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NaPoGenMo 2024 Notes: A Poetic Digestive System

I had this line of thought of emulating a digestive process:

  • Maceration (chewing up data/text – ingestion?)
  • Digestion (breaking down/transformation)
  • Extraction (refining)
  • Excretion (discarding waste)

Also put down some ideas for ways to take the text apart.

Poetic "digestor" notes
Poetic “digestor” notes
Potential methods for processing text
Potential methods for processing text
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Throwing Boots at AI APIs

For National Poetry Generation Month (NaPoGenMo) 2024, I’m going to aim to play with throwing different data at one or more LLMs, then creating functions inspired by the Oulipo movement make something that is at least interesting in planning if not execution ūüôā

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I’m Back

It’s been way too long since I’ve updated this site. With all the attention paid to social media, I’ve let the site wither.

I have ideas I want to go into great detail on, and I believe this is where I can best describe them.

So going forward, I’ll strive to post here first, and social media second.

Stay tuned.

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Experimenting With Paulstretch and Singing Synthesis

I’ve decided to return to¬†my “Fungi From Yuggoth” project – I want to finish it by the end of this month and put it on Bandcamp.

But before I get back to it, I’m taking a little detour with an experiment in time-stretching. I’ve taken the first line from T.S. Eliot’s “The Hollow Men”, and done a couple of things to it.

For starters, I’ve used the singing synthesis component of the Festival package to create a couple of vocal parts around the first line:

We are the hollow men, we are the stuffed men.

I’ve decided to call these synthesized choral pieces The Bot Chorale – I’ve used them (with difficulty) in the past. I hope to use them more going forward.

These pieces – sliced, diced, time-stretched (with the Paulstretch algorithm), granulated, and mangled – came together in ways that I hope to use for “The Fungi From Yuggoth.”

And, yes, I will do “The Hollow Men” – eventually.

Consider this a teaser…

[soundcloud url=”https://api.soundcloud.com/tracks/175582192″ params=”color=00cc11&auto_play=false&hide_related=false&show_comments=true&show_user=true&show_reposts=false” width=”100%” height=”166″ iframe=”true” /]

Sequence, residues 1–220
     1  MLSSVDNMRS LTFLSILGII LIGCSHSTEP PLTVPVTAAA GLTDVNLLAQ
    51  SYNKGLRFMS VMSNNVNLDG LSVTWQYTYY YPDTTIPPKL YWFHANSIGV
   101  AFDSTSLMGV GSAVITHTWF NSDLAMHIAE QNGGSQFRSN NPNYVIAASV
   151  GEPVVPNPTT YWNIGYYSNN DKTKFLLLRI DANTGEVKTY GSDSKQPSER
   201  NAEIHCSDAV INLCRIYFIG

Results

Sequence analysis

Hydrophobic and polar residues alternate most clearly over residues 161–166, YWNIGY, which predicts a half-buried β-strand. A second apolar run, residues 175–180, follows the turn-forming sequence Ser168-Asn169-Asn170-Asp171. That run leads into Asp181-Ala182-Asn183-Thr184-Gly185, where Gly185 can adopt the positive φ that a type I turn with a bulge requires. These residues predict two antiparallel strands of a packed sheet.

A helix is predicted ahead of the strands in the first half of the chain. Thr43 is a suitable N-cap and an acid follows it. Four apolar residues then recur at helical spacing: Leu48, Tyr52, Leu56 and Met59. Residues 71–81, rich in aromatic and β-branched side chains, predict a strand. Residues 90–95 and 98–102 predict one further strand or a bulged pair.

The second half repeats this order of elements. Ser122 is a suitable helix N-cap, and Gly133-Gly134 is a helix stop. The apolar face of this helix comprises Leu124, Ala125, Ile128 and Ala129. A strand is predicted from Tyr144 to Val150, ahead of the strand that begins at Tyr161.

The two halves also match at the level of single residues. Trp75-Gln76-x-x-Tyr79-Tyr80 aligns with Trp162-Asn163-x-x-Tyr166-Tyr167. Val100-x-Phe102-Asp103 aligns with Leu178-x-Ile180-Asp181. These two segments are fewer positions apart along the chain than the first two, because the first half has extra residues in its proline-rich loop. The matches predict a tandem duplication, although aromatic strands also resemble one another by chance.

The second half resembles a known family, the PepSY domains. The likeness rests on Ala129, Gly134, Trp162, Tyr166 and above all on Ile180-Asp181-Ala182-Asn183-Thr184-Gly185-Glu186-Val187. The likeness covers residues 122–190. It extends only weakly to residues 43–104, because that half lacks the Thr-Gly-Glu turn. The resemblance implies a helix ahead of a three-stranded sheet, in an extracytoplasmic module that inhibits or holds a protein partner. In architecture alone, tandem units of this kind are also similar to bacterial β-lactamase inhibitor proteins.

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Enhancing Poetry With Pitch-Following Effects And Sounds, Part 2: Interesting Mistakes

I’ve put together a proof of concept for enhancing poetry with ChucK scripts, however, I soon realized that I wasn’t actually doing pitch-following. Instead, the code I put together was something called an “envelope follower”. I’ve uploaded the code to GitHub in case anyone wants to play around with it (you’ll need ChucK¬†and the Audicle or miniAudicle IDE).

My physics is really rusty, so the best way I can explain it is that instead of checking the pitch of the voice to determine whether to kick off an effect, the script checks the *power* of the voice. I interpret this as more of a measurement of inflection or stress.

Not exactly what I’d planned, but it’s in the right direction.

This first draft of the script taught me a few things about how to build ChucK scripts that would respond to vocal input. For starters, I now have a new dimension to the vocals that I can use to kick off effects. Currently the threshold used to determine when the effects start has to be manually adjusted, but that could be dynamically changed through some other criteria like external data feeds or input by other people.

I also found that I needed to have a means to stop as well as start effects. When I first put the code together without having a means to stop an effect, the result got noisier and louder until I manually stopped the program.

I also wanted to vary the duration of the effects, so I did the following: (1) I included a global class for setting tempo and note durations; then (2) I added an array of time durations and looped through them each time an effect got kicked off.

Most of the resulting code is cobbled together from existing code examples found on the internet. My coding philosophy for the most part is based on what I call “the thieving magpie”: find components that do what I want (or close to it), slap them together, then modify as needed until I get the desired result.

The poem¬†I used for the demo¬†is “The Seekim”, by Sidney H. Sime. It comes from the book “Bogey Beasts”, which is out-of-print and hard-to-find. Each poem was written and illustrated by Sime;¬†each poem also¬†had a musical score written by Joseph Holbrooke. I’ve never heard the music performed, but the¬†book fascinated me. I’m still kicking myself for having sold it at a used book store almost twenty years ago.

[soundcloud url=”https://api.soundcloud.com/tracks/157563219″ params=”auto_play=false&hide_related=false&show_comments=true&show_user=true&show_reposts=false&visual=true” width=”100%” height=”450″ iframe=”true” /]

So even though I didn’t exactly know what I was coding, I got some results I liked, and learned enough to start thinking about next steps.

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